Zen 3 processors skip the address translation lookup and try to divine which loads are paired with which stores simply by observing your code’s behavior. Using a proprietary algorithm (which the company does not reveal), it matches up load/store pairs. It then buffers the data values on stores. If it’s right, and if a store is followed closely by a load from the same address, Zen 3 chips will happily supply the buffered data immediately without waiting for the DRAM, the cache, or the MMU. Result: performance increase.
What could go wrong? Not much, really. If the pairing algorithm errs and somehow manages to match the wrong load with the wrong store, it will flush the incorrect data from its buffer. That can happen with any hashing algorithm, where two unrelated addresses happen to produce the same hash. No harm done.
It also flushes the data if the MMU setup has changed, breaking the pairing. This is kind of a corner case, but it’s important to catch anyway. Your code might read and write the same address for a while, but then a change to the MMU’s translation tables might relocate one but not the other.
There’s also the case where indexed arrays can fool the processor into thinking you’re accessing the same addresses when you’re not. All x86 processors can do indexed array addressing in assembly language as part of their native instruction set. This makes them great targets for C compilers (and for hardcore assembly-language programmers), and it makes it deceptively easy for the hardware to second-guess what address you’re really asking for. AMD admits that its pairing algorithm can be fooled if you repeatedly access an array with one index pointer, then switch to a different one. The hardware catches this mistake, too, and flushes the PSF buffer accordingly. In all cases, the right thing happens.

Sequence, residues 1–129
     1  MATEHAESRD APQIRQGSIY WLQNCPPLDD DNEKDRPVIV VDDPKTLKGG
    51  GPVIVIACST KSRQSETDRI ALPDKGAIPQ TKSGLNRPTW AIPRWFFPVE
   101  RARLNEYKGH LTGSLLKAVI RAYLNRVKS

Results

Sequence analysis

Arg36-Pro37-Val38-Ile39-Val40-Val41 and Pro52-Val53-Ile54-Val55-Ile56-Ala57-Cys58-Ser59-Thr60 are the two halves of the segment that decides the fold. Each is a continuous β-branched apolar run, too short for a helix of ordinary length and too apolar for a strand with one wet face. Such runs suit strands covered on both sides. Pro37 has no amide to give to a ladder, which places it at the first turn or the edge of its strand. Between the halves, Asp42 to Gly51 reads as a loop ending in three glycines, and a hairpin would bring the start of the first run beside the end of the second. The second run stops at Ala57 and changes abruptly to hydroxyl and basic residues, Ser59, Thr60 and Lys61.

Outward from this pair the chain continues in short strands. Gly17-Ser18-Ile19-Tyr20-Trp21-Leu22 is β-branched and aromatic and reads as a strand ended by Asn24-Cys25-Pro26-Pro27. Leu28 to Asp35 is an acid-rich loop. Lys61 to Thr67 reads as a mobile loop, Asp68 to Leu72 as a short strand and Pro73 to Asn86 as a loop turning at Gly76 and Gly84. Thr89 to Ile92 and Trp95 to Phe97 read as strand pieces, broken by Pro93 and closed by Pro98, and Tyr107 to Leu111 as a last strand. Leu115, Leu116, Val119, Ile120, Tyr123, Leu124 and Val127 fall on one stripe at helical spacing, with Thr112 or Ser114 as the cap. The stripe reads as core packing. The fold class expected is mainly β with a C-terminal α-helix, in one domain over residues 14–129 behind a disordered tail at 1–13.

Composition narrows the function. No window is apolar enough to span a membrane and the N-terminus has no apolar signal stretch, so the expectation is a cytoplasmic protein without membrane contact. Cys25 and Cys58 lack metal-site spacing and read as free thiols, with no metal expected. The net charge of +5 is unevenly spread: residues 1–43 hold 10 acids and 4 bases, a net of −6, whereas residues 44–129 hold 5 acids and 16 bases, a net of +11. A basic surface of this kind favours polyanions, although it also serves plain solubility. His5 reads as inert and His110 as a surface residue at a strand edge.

But that might depend on what you consider “the right thing.” AMD’s Zen 3 chips never supply incorrect data, but they do initiate memory accesses that aren’t strictly necessary – and that may provide the kernel of a malicious exploit.
The Spectre and Meltdown bugs showed us that the most seemingly trivial of side effects can sometimes be used to compromise a computer system. They both leveraged the subtle side effects of speculative execution to tease out sensitive information. Spectre and Meltdown fetched instructions that were later flushed and unused, but those speculative fetches had an effect on caches. Similarly, PSF reads data that will be flushed and unused, and it also has an observable effect on caches. Thus, PSF’s hidden behavior may have a (barely) detectable effect on a computer system.
Like Spectre and Meltdown, exploiting the effects of a speculative PSF memory access takes some real effort. And, even when it’s successful, it only exfiltrates data from an already-infected system. It’s not a way in; it’s a way out.
In a great example of burying the lede, AMD’s whitepaper saves this warning for the very last paragraph: “Predictive Store Forwarding is a new feature in AMD Zen 3 CPUs which may improve application performance but also has security implications.”
The company warns that this might be exploited in software-only sandboxing, including browsers. Fortunately, PSF can be turned off, unlike the vulnerabilities underlying Spectre and Meltdown. AMD’s chips provide two system-level configuration bits that can disable STLF entirely or just PSF by itself. Either way, the settings are per-thread, so you can disable it for some tasks and leave it enabled for others.
AMD’s chips automatically flush PSF buffers whenever there’s a change in code privilege, an interrupt, an exception, an intersegment (far) call, a system call, or any of several other circumstances. That makes it pretty hard to exploit across threads, tasks, or code segments. Again, you’d need to work pretty hard to find a way to exploit this potential bug, but that doesn’t mean someone won’t try. Especially now that it’s been publicly documented. Still, better to be upfront about it and highlight the potential weakness now than have to apologize for it later.
Speculative execution and speculative load/store behavior are a fact of life with modern CPUs. They’re just two of the many tools that CPU designers use to deliver the performance we all crave. The surprise is not that there are unintended consequences to these often obscure and nonintuitive tweaks. The surprise is that there aren’t more of them.